"That's exactly what is bringing all these new companies to Spanish-language TV," said Cesar Conde, president of Univision. "People have been waking up to what a great growth market it is. Over the last five years or so, the market has gotten incredibly competitive. That's OK. It's in everyone's interest to see that (the) market keeps growing."

Univision and Telemundo have not been standing idly by while the new networks steal their lunches. Between them, they still have more than two-thirds of the Spanish-language audience. And TeleFutura, a sister network launched by Univision in 2002, finally emerged as a Nielsen power last year. In February, it even edged out Telemundo for second place in the national Spanish-language ratings.

"Univision has gotten so big over the years that our primary competition is the English-language networks," Conde said. "We're one of the top five networks in any language now in the 18-to-49 age group. And in 18-to-34, we're usually the second- or third-largest, regardless of language. ... TeleFutura is really the part of our company that focuses day-to-day on the Spanish-language market."

Who has the biggest share of the pie, however, may not be the most important element of a strategy in a growing industry. "Everybody thinks there's just one pie, finite and static," Telemundo's Browne said. "But the beauty of the Hispanic media business is that the pie is going to grow. There's plenty to go around."

In fact, the pie is getting so large that the biggest challenge facing Spanish-language broadcasters is exactly where to slice it. Univision and Telemundo still target the broadest-possible general Hispanic audience. But does a third-generation Cuban yuppie in Miami want to watch the same shows as a Mexican seamstress in Los Angeles who just arrived in the United States last year?

"The market in Spanish-language media consumption is going to change dramatically in the next 10 to 15 years, and I don't know if the old guard understands what is going to happen," Jacobson said.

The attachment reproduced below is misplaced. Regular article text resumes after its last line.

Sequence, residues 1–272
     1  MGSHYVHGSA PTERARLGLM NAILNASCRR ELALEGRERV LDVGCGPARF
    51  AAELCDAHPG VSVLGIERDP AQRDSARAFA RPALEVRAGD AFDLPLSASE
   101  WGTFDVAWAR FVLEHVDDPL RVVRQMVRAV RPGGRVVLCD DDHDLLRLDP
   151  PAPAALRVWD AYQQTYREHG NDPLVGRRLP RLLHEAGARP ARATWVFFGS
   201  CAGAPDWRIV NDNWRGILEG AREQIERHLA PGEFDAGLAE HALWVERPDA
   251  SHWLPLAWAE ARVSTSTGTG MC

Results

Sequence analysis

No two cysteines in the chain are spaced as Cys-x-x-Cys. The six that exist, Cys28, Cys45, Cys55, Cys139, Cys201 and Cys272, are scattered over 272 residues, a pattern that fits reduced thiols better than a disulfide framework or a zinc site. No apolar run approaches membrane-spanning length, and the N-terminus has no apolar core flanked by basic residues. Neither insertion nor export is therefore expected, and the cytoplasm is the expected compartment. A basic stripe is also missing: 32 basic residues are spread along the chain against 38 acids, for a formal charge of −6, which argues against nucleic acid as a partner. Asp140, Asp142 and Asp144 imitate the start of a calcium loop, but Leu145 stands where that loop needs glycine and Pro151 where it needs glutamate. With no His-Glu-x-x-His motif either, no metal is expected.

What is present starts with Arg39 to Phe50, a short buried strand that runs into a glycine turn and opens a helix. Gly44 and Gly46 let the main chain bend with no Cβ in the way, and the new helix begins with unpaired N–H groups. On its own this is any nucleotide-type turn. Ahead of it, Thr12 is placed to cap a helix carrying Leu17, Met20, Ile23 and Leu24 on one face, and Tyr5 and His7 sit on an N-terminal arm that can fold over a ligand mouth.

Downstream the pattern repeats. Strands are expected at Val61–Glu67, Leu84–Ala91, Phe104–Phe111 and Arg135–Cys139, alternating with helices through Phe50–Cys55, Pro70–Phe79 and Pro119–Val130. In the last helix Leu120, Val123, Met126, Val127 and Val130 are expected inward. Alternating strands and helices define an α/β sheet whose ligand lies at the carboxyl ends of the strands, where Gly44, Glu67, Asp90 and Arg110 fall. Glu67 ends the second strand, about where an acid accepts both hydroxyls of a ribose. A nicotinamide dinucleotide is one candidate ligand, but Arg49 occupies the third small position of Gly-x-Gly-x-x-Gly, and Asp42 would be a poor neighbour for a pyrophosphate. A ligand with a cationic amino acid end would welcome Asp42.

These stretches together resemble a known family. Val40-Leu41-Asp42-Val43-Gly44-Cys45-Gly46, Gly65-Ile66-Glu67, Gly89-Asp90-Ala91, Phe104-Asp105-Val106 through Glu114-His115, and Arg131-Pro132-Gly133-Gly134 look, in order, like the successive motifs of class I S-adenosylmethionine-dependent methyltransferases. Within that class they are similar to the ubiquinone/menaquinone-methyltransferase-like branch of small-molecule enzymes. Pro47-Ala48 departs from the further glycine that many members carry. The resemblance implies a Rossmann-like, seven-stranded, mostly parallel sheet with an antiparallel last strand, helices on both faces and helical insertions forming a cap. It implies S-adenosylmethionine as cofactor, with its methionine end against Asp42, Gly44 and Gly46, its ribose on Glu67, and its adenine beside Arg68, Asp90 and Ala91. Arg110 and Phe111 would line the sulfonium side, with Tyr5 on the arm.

The biggest change: Hispanic population growth is being driven now by birth rates rather than immigration. A new Spanish-language TV viewer is more likely to have been born and raised in the United States than to have come here from somewhere else, bringing old viewing habits with him.

The shifting nature of the audience has already created a host of new demographics for Spanish-language broadcasting executives. In addition to targeting viewers by age, gender and income, as their English-language counterparts do, they split them into categories like Spanish-dominant, bilingual and acculturated.

"Viewing consumption can vary a lot depending where you came from and especially how long you've been here," said South Florida media consultant Julio Rumbaut.

Some of the newer Spanish-language broadcasters have carved out a market niche by programming with an eye to national origins. TeVe America's news-talk offerings are strongly oriented toward Cubans, and the target audience of LATV's hit music show "Mex 2 The Max" is pretty obvious.

Others have experimented with ditching traditional Spanish-language broadcasting altogether. In 2008, SBS even slaughtered the industry's most sacred cow of all, for three months building its schedule not around a nightly rags-to-riches-and-romance telenovela but a weekly drama about a Miami vampire, "Gabriel."

It was the most ambitious and expensive programming ever produced for Spanish-language TV. SBS won't disclose its budget, but the number kicked around the industry is $5 million, about 10 times the cost of the average novela. "Gabriel" delivered solid but not spectacular ratings.

"The thinking was to provide alternative programming, more edgy and intelligent," said Mauricio Gerson, senior vice president of programming and development at SBS. "Gabriel," he said, will be a moneymaker when sales of DVDs and foreign rights are completed. "We wanted to offer viewers something different than they're used to seeing on the other channels. And we especially wanted to get the 18-to-49-year-olds."

Not even SBS thinks the telenovela, the foundation of Spanish-language TV, is going to disappear. "We're running two of them right now," Gerson said. "That's going to be a standard that people will always support. People like story lines."

But the novela is getting a makeover to give it some cultural signposts for an audience that's increasingly oriented to U.S. urban life and sensibilities. Telemundo is already spending an estimated $100 million a year to produce its own novelas rather than buying them abroad, and Univision announced last year that it's opening a studio in Miami for novela production.

Univision's move is widely seen as a hedge against the possible end of its programming deal with the Mexican studio Televisa, which has produced almost all of the network's novelas for the past two decades. The Televisa contract — at times the subject of rancorous litigation between the two — is set to expire in 2017. But Univision's Conde said he expects it to be extended and even expanded, and says setting up a studio is simply a wise investment in a booming market.

"Investing in this Hispanic market is investing in growth," he said. "Investing in any other broadcasting is investing in a static or declining business."


(c) 2010, The Miami Herald.

Visit The Miami Herald Web edition on the World Wide Web at http://www.herald.com/

Distributed by McClatchy-Tribune Information Services.